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HueyLD
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Re: Inherited Savings Bonds

Post by HueyLD » Thu Sep 07, 2017 11:36 am

Gill wrote:
Wed Sep 06, 2017 8:32 pm
Keep in mind the only returns you can amend are 2014 through 2016.
The three-year rule is for refund only. If a taxpayer wants to amend his/her returns to pay the government additional balance due plus interest and penalty, they are not going to refuse the money.

Gill
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Re: Inherited Savings Bonds

Post by Gill » Thu Sep 07, 2017 11:49 am

HueyLD wrote:
Thu Sep 07, 2017 11:36 am
Gill wrote:
Wed Sep 06, 2017 8:32 pm
Keep in mind the only returns you can amend are 2014 through 2016.
The three-year rule is for refund only. If a taxpayer wants to amend his/her returns to pay the government additional balance due plus interest and penalty, they are not going to refuse the money.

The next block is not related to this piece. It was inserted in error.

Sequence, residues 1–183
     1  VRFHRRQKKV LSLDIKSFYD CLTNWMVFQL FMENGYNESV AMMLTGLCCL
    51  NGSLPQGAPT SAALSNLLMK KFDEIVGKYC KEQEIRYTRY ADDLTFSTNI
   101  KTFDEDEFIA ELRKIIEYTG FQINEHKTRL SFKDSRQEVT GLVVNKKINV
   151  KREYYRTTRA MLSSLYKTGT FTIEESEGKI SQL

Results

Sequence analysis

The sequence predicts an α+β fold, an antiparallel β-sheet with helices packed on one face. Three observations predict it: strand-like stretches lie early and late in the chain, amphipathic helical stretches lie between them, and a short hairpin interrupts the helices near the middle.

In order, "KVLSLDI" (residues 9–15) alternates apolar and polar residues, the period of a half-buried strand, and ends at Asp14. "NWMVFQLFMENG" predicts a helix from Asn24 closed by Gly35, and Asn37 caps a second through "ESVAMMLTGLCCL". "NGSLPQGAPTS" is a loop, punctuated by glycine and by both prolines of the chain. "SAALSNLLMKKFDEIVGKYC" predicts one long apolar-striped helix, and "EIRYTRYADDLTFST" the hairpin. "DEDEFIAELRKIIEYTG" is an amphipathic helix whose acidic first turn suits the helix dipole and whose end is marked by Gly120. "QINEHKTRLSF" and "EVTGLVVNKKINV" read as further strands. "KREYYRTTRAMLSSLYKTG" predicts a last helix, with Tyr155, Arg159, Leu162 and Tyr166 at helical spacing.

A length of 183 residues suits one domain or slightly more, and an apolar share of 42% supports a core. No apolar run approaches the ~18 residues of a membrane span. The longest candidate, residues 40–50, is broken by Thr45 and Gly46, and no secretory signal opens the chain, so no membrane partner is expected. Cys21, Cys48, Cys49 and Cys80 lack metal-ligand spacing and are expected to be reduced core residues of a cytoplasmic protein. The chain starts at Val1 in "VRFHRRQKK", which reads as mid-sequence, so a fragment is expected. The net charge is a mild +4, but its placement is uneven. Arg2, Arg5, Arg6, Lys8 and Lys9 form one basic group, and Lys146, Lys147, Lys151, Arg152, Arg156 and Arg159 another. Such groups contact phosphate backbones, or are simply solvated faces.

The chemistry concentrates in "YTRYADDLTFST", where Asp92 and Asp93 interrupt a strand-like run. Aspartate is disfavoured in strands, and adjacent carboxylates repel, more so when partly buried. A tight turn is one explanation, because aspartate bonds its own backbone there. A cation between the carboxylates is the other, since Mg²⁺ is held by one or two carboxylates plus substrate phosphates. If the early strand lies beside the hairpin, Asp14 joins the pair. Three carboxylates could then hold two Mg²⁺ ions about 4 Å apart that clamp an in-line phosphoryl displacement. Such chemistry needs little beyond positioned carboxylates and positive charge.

Yes, I understand, but why would you when there is no chance of audit unless a substantial understatement?
Gill

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HueyLD
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Re: Inherited Savings Bonds

Post by HueyLD » Thu Sep 07, 2017 11:53 am

Audit is not a concern for the OP.

The OP wants to amend his parents prior returns to hopefully lower the income tax burden on the savings bonds.

IMO, it is a lot of work, considering the time and efforts, balance due plus interest and penalty for both federal and state.

Gill
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Re: Inherited Savings Bonds

Post by Gill » Thu Sep 07, 2017 11:55 am

HueyLD wrote:
Thu Sep 07, 2017 11:53 am
Audit is not a concern for the OP.

The OP wants to amend his parents prior returns to hopefully lower the income tax burden on the savings bonds.